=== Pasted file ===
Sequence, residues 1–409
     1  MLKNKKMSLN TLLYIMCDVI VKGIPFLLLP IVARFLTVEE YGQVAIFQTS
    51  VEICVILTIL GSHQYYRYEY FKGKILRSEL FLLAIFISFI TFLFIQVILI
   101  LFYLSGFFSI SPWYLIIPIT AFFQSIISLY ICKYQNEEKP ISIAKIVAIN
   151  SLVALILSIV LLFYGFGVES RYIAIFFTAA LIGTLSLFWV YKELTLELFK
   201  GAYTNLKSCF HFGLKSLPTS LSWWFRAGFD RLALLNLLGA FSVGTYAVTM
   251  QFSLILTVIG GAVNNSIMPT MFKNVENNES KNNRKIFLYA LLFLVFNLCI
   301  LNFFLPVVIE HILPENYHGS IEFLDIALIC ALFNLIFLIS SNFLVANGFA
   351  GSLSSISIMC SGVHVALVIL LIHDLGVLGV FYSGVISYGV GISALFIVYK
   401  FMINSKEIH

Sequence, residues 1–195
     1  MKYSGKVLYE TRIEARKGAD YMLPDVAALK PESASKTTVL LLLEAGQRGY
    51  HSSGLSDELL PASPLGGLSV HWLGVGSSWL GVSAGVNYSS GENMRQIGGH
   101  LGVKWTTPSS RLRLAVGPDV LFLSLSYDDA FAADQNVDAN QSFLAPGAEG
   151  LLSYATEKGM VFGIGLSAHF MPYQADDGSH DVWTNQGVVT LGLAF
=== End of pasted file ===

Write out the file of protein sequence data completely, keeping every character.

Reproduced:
Sequence, residues 1–409
     1  MLKNKKMSLN TLLYIMCDVI VKGIPFLLLP IVARFLTVEE YGQVAIFQTS
    51  VEICVILTIL GSHQYYRYEY FKGKILRSEL FLLAIFISFI TFLFIQVILI
   101  LFYLSGFFSI SPWYLIIPIT AFFQSIISLY ICKYQNEEKP ISIAKIVAIN
   151  SLVALILSIV LLFYGFGVES RYIAIFFTAA LIGTLSLFWV YKELTLELFK
   201  GAYTNLKSCF HFGLKSLPTS LSWWFRAGFD RLALLNLLGA FSVGTYAVTM
   251  QFSLILTVIG GAVNNSIMPT MFKNVENNES KNNRKIFLYA LLFLVFNLCI
   301  LNFFLPVVIE HILPENYHGS IEFLDIALIC ALFNLIFLIS SNFLVANGFA
   351  GSLSSISIMC SGVHVALVIL LIHDLGVLGV FYSGVISYGV GISALFIVYK
   401  FMINSKEIH

Sequence, residues 1–195
     1  MKYSGKVLYE TRIEARKGAD YMLPDVAALK PESASKTTVL LLLEAGQRGY
    51  HSSGLSDELL PASPLGGLSV HWLGVGSSWL GVSAGVNYSS GENMRQIGGH
   101  LGVKWTTPSS RLRLAVGPDV LFLSLSYDDA FAADQNVDAN QSFLAPGAEG
   151  LLSYATEKGM VFGIGLSAHF MPYQADDGSH DVWTNQGVVT LGLAF